Pipeline takeaway capacity in the Bakken and Powder River basins has been tighter than a thick rubber band for producers there experiencing record volumes of supplies. Unlike the Permian, new builds and expansions of midstream infrastructure have been agonizingly slow to catch up with record production, resulting in over-the-limit gas flaring and pricey crude transportation by rail car. Which is exactly why Houston-based Crestwood Equity Partners is all eyes, arms and legs to bring more connections to two of the most prolific basins in the nation.

Crestwood Equity Partners

Crestwood Equity Partners LP is a publicly traded master limited partnership that owns and operates midstream assets located primarily in the Bakken Shale, Delaware Basin, Powder River Basin, Marcellus Shale, Barnett Shale and Fayetteville Shale.


The Bakken Keeps Talkin’

In an area where oil production is expected to top 1.5 MBPD by 2021 and associated gas production continues to climb at twice the rate of crude, the Bakken has been starved of gathering lines to transport supplies to market. The EIA projects oil production this month to hit or surpass more than 1.3 MMBPD and 1.4 MMBPD by March, with natural gas production rising 42 MMCFPD month over month. Might want to scratch that 1.5 MBPD prediction for now.

Crestwood early recognized the hamstrings affecting producers by building its Arrow system in Watford City, N.D., which includes gathering and transporting crude oil and water; and gathering, processing and transporting gas across 150,000 acres. The company also began operations last year at its Bear Den II processing plant, a 120 MMCFPD facility located adjacent to its 30 MMCFD Bear I. Crestwood is planning two additional pipelines in the Bakken slated for service in 2021.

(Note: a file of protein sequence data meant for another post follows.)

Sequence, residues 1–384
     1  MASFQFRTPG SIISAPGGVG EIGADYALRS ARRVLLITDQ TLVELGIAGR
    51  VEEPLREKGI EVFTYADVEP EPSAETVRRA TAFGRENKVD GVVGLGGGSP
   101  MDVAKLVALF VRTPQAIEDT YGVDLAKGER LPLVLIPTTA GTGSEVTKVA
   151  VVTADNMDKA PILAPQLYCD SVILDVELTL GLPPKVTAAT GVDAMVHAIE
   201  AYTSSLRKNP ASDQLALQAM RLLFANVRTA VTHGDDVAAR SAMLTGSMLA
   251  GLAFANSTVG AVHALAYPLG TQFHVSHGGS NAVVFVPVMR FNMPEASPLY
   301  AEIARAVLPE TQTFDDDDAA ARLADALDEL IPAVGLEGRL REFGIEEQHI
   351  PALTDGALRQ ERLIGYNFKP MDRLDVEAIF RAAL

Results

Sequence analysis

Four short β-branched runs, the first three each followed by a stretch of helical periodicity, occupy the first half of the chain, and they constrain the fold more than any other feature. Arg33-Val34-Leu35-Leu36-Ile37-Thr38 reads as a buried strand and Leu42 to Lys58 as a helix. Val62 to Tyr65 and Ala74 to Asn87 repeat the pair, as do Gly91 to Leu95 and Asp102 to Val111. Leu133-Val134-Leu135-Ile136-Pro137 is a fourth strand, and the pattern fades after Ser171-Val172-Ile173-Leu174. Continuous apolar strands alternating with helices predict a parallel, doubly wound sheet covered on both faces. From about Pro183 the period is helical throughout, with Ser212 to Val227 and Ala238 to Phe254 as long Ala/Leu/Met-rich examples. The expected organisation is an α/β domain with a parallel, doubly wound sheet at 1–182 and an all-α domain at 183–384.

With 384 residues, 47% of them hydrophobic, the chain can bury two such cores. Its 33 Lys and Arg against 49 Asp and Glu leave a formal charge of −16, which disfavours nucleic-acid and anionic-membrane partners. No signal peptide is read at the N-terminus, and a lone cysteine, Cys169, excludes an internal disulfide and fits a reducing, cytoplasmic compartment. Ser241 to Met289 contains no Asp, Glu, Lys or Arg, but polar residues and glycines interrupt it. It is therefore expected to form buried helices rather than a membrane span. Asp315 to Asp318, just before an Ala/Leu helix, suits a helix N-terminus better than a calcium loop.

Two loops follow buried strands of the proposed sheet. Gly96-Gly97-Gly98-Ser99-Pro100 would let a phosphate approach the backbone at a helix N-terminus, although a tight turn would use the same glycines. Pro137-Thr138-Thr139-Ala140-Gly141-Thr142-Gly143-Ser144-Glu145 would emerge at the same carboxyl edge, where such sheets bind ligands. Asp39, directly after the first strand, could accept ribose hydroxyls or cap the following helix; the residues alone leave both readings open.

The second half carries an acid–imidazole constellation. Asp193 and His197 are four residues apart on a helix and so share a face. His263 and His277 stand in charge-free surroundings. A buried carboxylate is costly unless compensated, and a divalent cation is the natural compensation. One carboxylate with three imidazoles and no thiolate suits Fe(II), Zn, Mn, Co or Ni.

Cry Me a Powder River

With full pipeline capacity reached nearly a year ago, the Powder River also has experienced its share of production growing pains. Here, Crestwood focuses exclusively on gas, adding gathering lines to connect wells to the company’s two processing plants. As it happens, 2019 proved to be a pivotal year for Crestwood when the company broke off its romance with JV partner Tulsa-based Williams and snatched up the remaining 50% ownership of the Jackalope natural gas system for $484.6 million. The two midstreamers had planned to increase processing capacity on the Jackalope and build a second plant on the Bucking Horse gas plant in Wyo. Ah, such is love ever so fleeting.

With ownership and operation now under one hardhat, Crestwood began operations of Bucking Horse II this month, increasing total capacity to 345 MMCFD in the Powder River. The company also announced this week a most impressive Q4 earnings report that sets the stage for more free cash flow in 2020 as demand continues to ramp up for additional gathering lines and processing in both basins.

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